The Birth of Portland Works

Portland Works is situated on Randall Street close to Bramall Lane (“The Blades” as Sheffield United FC is known) at its junction with Hill Street and forms part of an important enclave of 11 surviving nineteenth century industrial buildings. Commissioned by Robert F. Mosley (1841-1921) and designed by J.H. Jenkinson, Architects, planning permission was approved for the building on the 15th of September 1876 and it was built soon after in one phase. R. F. Mosley & Co. Ltd., manufacturer of cutlery and silverware, was the first firm in the world to produce stainless steel cutlery and it continued to operate on the site until the late 1950s.

We understand Mosley brought the Portland name with him from his 188 West St premises and that building was known as Portland Works in 1841, before Mosley had moved in.

In typical style workshops within Portland Works were sublet immediately after construction and by 1879 the building also housed William H. Green (spring knife maker) and George Gill (cutlery manufacturer).

R.F. Mosley & Co.’s Portland Works was described in an 1888 directory of Sheffield’s industries as:

“A well erected premises [that] provides every facility for the class of trade carried on. It comprises offices, handsome showrooms, systematically arranged stockrooms, well equipped packing, cutters, silver and electroplating rooms, forge shops and grinding mills. The different workrooms being provided with all the necessary steam power, machinery and appliances required. Messrs Mosley & Co. manufacture every kind of cutlery and have earned a high character for the quality of their productions.

A valuable feature of their business and one, which has been made a speciality by them, is the manufacture of case goods of an exceedingly artistic and extensive scale. These cases are filled with satin and velvet linings for the reception of cutlery of the best and highly finished kind (mounted in pearl, ivory, silver metal and other choice mountings. A large quantity are always kept in stock and orders, owing to the resources of the firm and great numbers of hands employed, can be executed without delay.

Mr Mosley and Sons are actively engaged in the management of the business and are to be heartily commended for the high position their establishment has attained under their guidance.”

British Industrial Publishing Company, 1888

Over one hundred years later the Pevsner Architectural Guide to Sheffield described the works’ physical features thus:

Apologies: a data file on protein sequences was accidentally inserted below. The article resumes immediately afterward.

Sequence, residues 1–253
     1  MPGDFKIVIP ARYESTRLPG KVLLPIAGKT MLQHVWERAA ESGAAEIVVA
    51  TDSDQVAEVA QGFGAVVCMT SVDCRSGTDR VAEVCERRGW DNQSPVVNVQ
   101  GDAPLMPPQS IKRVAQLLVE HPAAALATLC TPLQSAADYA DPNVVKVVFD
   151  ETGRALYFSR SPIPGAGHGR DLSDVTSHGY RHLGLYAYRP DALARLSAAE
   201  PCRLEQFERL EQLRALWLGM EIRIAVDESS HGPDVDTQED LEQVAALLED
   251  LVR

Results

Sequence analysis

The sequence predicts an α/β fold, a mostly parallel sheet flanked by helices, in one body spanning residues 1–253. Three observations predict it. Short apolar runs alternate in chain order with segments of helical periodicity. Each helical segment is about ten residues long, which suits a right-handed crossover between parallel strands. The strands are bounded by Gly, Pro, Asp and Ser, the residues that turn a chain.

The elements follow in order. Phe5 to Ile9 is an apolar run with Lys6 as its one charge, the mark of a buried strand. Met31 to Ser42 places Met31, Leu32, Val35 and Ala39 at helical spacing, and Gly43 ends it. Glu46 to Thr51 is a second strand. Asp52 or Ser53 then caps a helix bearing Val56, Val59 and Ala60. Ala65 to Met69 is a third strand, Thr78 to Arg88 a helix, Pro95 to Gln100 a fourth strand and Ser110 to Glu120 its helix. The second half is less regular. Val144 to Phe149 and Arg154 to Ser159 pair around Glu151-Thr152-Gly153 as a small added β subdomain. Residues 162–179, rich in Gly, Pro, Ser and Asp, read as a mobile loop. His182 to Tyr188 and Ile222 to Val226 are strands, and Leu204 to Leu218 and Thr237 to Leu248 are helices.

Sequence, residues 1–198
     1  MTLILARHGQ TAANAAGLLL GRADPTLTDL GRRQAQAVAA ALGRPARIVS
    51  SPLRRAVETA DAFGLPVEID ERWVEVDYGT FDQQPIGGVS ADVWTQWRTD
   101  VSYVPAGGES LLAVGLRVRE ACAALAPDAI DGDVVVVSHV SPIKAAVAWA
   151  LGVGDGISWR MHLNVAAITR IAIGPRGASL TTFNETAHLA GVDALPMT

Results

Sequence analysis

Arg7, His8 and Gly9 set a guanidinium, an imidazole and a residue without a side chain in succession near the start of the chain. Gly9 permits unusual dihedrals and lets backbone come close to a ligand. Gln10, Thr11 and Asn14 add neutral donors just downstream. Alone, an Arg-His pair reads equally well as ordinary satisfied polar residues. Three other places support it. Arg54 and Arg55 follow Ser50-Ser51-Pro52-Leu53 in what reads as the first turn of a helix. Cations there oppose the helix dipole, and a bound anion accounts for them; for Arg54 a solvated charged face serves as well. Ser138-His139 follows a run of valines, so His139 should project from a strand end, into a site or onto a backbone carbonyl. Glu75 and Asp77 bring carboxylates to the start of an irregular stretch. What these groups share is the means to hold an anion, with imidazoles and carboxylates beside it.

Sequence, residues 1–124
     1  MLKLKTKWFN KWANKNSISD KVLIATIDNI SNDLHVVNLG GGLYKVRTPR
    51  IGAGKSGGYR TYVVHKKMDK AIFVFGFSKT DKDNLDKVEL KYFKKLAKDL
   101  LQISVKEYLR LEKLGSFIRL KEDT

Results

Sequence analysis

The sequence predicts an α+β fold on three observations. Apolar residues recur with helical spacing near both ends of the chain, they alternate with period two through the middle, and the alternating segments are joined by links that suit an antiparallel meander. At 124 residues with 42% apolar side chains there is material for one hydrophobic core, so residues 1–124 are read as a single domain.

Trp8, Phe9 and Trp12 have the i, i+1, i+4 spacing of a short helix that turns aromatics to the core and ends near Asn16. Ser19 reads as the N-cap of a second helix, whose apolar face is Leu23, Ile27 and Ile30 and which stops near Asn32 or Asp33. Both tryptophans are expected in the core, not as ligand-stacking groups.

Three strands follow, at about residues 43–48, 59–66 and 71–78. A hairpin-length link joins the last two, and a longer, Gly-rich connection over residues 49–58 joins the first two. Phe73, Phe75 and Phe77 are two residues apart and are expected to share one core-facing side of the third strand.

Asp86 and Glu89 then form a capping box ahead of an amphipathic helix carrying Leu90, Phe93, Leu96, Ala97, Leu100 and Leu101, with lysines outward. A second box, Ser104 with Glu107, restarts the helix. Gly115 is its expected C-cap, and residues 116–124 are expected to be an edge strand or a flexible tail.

“On a corner site, the corner of the works is rounded with a two-storey entrance gateway with rusticated pilasters. Elaborate frontage, the works name flanked by panelled pedestals with ball finials. Round headed sash windows to the first floor and sill and lintel bands, that on the first floor cogged and in contrasting cream bricks. Ornamental panels of diagonal brickwork and an octagonal chimney. A three-storey rear range used for grinding has a room with four transverse fireproof bays, suggesting the presence of a central engine house with the position of hearths indicated by ridge stacks. On the ground floor of the [west] workshop range are the best preserved examples of hand forges in the city. These may have been let separately and retain combined stable-type doors and a window under a rolled steel lintel.”

Harman & Minnis, 2004

Thanks to the continuity of a number of successful metal trades businesses operating within the works, including Wigfull Tools, Stuart Mitchell Knives, Shaw Engraving and PML Plating, these details, indeed the entire forge area, continue to be both well used and preserved. The building even retains the original line shafts, which drove R. F. Mosley & Co.’s hammers and drop stamps. However, as you the reader are by now surely aware, the future of Portland Works as a metal trades complex is threatened, due to the fact that its current owners propose to convert the building into residential apartments – a use that will erase all trace of the centuries of industrial heritage embodied in this Grade II* listed building.

Figure 2. Table knife handle boring c.1900, R.F. Mosley Ltd., Portland Works, Randall Street


Figure 3. Bone and sterling silver handled ‘Rusnorstain’ table knives with stainless steel blades, manufactured by Robert F. Mosley Ltd., Portland Works, Sheffield


Figure 4 – Rusnorstain trademark

Rusnorstain trademark


1) British Industrial Publishing Company 1888The Industries of Sheffield: Business Review British Industrial Publishing Company, Lincoln’s Inn, Birmingham.

2) Harman R & Minnis J 2004Pevsner Architectural Guides: Sheffield Yale University Press, New Haven & London.

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